Ever since Anheuser-Busch and InBev came to terms on their merger/takeover, I have been thinking a lot about St. Louis’ future. Whether or not St. Louis retains an important role in the Anheuser-Busch InBev corporate structure, there is no doubt that changes are on the way.
With all the closures, takeovers and relocations St. Louis has seen in recent years, we could always take solace in the fact that the King of Beers called St. Louis home. I’m sure I’m not alone in always feeling a bit of (misplaced) pride every time I hear the tagline “Anheuser-Busch, St. Louis, Missouri” at the end of and A-B commercial. It was that one truly bright spot of international recognition that we could always hold on to. But now, its gone.
Obviously this isn’t some sort of Doomsday, but it is yet another eye-opener for the St. Louis community. In the end, this newly combined company might bring in even more tax dollars to the area, but we are going to lose an important chip in the game of marketing. Image is everything for big cities, and we are losing a major part of our long-term image.
I’m really proud of a lot of the things that have happened in the City in the past ten years, but we need to wake up and pick up our game. Stalled projects next to ballparks and new marketing slogans for the Division of Tourism don’t make people remember who we are. If we don’t step outside the box we have built for ourselves, we will continue to decline. We need to quit looking back to 1904 and start lookign ahead to the future.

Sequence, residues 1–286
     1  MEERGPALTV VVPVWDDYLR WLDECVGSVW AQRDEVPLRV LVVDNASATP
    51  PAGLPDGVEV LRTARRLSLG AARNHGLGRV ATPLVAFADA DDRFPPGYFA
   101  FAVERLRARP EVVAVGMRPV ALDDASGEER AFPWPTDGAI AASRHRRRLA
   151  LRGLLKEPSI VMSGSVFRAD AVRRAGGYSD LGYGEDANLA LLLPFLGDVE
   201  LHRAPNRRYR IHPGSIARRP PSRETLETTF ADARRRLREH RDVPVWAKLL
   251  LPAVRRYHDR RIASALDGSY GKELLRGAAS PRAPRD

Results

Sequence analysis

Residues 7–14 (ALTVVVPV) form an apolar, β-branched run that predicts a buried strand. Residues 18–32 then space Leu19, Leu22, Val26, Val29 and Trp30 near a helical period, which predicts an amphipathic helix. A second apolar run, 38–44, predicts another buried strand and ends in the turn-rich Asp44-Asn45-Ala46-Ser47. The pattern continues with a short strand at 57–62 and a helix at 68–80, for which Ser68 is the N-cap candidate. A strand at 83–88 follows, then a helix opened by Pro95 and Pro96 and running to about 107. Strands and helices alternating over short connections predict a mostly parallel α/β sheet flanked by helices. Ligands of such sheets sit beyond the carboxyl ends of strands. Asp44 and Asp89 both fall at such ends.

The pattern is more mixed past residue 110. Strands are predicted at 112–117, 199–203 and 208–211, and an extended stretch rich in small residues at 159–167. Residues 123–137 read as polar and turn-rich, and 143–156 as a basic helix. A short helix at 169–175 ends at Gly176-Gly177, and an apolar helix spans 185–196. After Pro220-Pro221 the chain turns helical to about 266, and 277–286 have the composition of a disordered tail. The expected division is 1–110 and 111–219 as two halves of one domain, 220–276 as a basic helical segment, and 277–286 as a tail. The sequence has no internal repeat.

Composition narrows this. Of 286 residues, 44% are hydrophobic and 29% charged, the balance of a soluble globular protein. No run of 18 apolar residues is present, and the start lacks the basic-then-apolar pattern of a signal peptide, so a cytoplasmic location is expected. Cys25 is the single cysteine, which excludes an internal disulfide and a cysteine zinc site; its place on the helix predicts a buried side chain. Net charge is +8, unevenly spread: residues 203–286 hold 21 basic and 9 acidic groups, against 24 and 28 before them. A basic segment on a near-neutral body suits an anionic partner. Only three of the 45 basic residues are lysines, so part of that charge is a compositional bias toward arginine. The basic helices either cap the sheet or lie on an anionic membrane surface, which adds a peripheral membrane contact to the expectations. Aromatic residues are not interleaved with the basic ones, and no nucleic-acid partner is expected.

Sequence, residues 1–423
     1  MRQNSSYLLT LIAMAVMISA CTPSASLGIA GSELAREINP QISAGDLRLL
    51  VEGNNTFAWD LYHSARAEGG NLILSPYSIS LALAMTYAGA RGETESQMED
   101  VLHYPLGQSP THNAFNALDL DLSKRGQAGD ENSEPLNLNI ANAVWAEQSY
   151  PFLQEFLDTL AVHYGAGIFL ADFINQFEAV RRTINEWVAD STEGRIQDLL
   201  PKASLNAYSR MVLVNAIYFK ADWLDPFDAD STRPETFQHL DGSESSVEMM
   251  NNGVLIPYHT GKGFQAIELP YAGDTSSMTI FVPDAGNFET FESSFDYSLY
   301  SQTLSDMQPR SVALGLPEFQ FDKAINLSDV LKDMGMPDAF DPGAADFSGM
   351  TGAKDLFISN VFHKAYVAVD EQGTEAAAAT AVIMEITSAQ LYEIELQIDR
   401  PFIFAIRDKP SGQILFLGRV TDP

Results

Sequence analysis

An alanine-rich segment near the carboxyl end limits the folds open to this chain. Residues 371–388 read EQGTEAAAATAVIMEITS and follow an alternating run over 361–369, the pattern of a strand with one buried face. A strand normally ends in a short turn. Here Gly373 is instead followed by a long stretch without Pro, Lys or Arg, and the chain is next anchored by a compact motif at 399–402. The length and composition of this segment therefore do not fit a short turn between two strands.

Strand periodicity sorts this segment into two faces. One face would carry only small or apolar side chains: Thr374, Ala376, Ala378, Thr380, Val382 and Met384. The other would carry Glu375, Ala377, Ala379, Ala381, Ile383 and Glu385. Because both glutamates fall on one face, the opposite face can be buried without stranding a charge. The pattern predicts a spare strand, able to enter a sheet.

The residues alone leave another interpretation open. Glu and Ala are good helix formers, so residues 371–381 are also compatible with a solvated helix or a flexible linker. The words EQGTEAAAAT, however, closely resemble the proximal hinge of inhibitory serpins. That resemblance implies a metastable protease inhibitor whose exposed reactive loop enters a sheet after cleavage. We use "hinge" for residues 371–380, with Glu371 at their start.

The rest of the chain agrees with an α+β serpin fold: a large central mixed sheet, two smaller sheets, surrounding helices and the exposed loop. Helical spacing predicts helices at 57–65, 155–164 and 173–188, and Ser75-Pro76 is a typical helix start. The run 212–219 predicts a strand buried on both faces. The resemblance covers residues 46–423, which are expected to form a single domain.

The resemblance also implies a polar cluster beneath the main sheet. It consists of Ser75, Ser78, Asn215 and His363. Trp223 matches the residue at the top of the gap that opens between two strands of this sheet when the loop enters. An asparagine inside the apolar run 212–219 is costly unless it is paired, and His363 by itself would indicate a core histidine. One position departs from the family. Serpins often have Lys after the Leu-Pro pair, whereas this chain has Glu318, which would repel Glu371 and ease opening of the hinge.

The City needs to stop going on and on about projects like Ballpark Village, which they have little control over, and start worrying about things they have the power and ability to do something about. Hideous and unfunctional streetscapes through major corridors, a riverfront that would make Mark Twain cry, unsynchronized stop lights that make a five minute drive take ten, seemingly ignoring the concept of beatification in many areas: these are issues they can and should handle.
Why should any business take on the extra burden of a local earning tax if the local government can’t even provide these basic services? What can they offer that businesses can’t get in Clayton or Chesterfield? Its time for a reinvention. It’s time to show people what St. Louis can do. And it needs to start from square one.